I obviously wasn’t as talented as the other guys on the [UMass Amherst] team—I was a walk on. But I loved to work hard at it, being a part of a team and competing at practice. I found myself really curious about why we were doing what we were doing. I talked to Geoff Arnold, who was an assistant coach; and Bruiser Flint, who was our head coach, who is now a mentor and second father to me. The thing that I loved was that [basketball] galvanized the community. It created these opportunities for kids that wouldn’t have had the same kind of opportunities I was having. My parents did well enough, but there were these kids who were really talented from different worlds than mine, and they would come to campus, and we’d become a team. They’d hear my life stories, I would hear theirs. And I started [thinking], This is a great way to impact people, and it’s a great way to compete. It’s a great way to do something bigger than yourself. I fell in love with the competition, the teaching, the kids, the opportunity, the camaraderie, the challenge of it. Coaching, especially in college, is different, because you have a lot of different things you have to manage and try to master as you’re going through it. It was fun; it was never work, so I knew I always wanted to be in basketball when I got into coaching. Every day was fun.
Your coaching résumé is packed with NBA and NCAA teams. Why come to UAlbany?
I’m a Northeast guy, so although we’re coming from Milwaukee, the Northeast is who I am, through and through. I think a lot of being a head coach is [about] fit, but it’s also the relationships; you’ve got to be able to recruit kids, get people to get excited about your program. A lot of that is going to be based on who you are and what you’re about. I really, really love partnering with [UAlbany Director of Athletics] Mark Benson. He’s a great partner, a great boss, and he’s got a really good vision. Havidán Rodríguez, [UAlbany’s] president, [has] great vision and is a great leader, so it just checked a lot of boxes and made a lot of sense.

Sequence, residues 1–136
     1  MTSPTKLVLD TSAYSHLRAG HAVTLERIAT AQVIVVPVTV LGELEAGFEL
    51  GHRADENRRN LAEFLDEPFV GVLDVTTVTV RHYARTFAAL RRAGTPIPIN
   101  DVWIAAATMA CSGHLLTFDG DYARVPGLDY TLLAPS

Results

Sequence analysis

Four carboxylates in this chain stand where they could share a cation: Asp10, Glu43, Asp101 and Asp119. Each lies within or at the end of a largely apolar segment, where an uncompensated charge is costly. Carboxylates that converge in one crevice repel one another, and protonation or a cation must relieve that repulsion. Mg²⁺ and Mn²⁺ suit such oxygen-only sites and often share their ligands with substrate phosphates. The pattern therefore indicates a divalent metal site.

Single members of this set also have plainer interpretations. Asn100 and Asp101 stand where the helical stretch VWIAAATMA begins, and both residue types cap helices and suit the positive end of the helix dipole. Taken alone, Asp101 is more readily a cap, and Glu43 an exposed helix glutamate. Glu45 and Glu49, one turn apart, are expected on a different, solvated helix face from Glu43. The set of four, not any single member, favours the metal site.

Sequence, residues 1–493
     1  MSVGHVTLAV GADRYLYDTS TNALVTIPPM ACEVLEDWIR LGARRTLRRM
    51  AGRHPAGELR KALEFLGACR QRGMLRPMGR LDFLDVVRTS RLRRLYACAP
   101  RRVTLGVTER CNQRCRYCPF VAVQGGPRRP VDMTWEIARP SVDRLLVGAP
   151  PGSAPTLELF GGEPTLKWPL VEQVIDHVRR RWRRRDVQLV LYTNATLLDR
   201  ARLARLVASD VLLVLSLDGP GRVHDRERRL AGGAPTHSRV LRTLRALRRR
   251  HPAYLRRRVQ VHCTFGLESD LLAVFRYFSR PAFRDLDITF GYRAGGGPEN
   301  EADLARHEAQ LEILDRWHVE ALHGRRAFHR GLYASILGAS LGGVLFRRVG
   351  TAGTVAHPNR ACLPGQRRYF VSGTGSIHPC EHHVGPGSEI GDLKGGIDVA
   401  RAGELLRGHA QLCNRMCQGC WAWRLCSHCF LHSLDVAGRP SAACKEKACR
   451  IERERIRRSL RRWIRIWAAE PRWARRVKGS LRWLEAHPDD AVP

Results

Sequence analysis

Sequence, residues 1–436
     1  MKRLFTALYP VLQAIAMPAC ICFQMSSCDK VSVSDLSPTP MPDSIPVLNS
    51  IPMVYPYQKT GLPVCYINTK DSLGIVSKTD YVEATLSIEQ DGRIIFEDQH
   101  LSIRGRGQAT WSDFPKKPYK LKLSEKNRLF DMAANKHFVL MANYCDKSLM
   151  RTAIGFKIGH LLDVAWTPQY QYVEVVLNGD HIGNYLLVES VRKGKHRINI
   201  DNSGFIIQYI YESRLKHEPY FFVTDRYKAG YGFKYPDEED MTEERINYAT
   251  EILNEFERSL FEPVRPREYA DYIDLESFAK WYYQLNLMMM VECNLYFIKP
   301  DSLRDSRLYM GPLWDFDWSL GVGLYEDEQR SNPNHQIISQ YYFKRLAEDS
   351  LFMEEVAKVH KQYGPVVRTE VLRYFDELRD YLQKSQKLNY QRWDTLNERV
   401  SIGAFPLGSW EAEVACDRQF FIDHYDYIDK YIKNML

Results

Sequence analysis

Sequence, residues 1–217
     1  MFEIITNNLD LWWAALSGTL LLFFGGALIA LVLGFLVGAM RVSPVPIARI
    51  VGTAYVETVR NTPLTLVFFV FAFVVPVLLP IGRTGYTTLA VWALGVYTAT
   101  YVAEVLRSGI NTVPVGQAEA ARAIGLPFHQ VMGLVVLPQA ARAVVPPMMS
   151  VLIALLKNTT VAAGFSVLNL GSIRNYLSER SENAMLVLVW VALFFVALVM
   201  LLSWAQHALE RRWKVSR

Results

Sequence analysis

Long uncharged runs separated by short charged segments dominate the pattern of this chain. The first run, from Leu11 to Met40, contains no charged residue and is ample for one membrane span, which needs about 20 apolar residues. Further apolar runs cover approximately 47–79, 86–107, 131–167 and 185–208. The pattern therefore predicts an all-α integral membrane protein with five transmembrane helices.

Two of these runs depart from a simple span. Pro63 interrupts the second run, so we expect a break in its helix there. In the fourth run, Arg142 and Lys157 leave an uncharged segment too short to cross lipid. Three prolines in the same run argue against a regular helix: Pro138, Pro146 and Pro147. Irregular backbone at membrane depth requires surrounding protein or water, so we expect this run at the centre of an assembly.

You have a lot to prove in your first season with the Great Danes. UAlbany had a losing season last year, and you’re succeeding a coach who was there for 20 seasons. What should local fans know about you?
I’m passionate and driven. You’re going to see excitement from me and my staff; we love doing what we’re doing, and we love seeing our kids grow. When a kid has a moment, where you’ve been trying to get him to do certain things, and he does it, it’s like you unlocked a whole other level of who he is and his potential. But I’m just a normal guy who gets to live out his dream—who wants to create a program that wins at the highest level and who people love to come and support. Do I have a lot to prove? Yeah. But people in the community have a lot to prove [too]—that this is really a basketball school and basketball town. To get really good recruits, we need to have a packed building. To win big games, you have to have a packed building. It doesn’t just happen. I’m putting my heart and soul into this, and my staff is doing the same, working a lot of long hours, because we want these kids to win and we want [the UAlbany men’s basketball team] to have success.
You mentioned that you love unlocking players’ potential. Can you give me an example of a breakthrough you’ve had since you arrived on campus?
[Guard] Will Amica is a kid we have in our program who is from Syracuse, NY, and we have a leadership academy that we started, and we do a lot of player development, we do a lot of mental work. I’ve seen [him mature], and all of a sudden, his play gets better, and I think that really gets you excited, because the culture of the program is becoming strong. And I say “becoming,” intentionally, because I think that’s a revolving process for us, being a new program. I think the other part that I really love is we push our kids really hard, we coach them hard and we love them hard. The thing I’m most appreciative of is the kids value it and the parents value it. That means you’re doing it the right way. People have really taken notice to our approach. I’m not sitting here saying our approach is better than anybody else’s, but it’s the right thing for us, and I know that it’s going to produce opportunities to win. And that takes time. It doesn’t mean we’re going to roll balls out here and start playing games and [winning] 15 in a row. Learning how to win is an everyday process.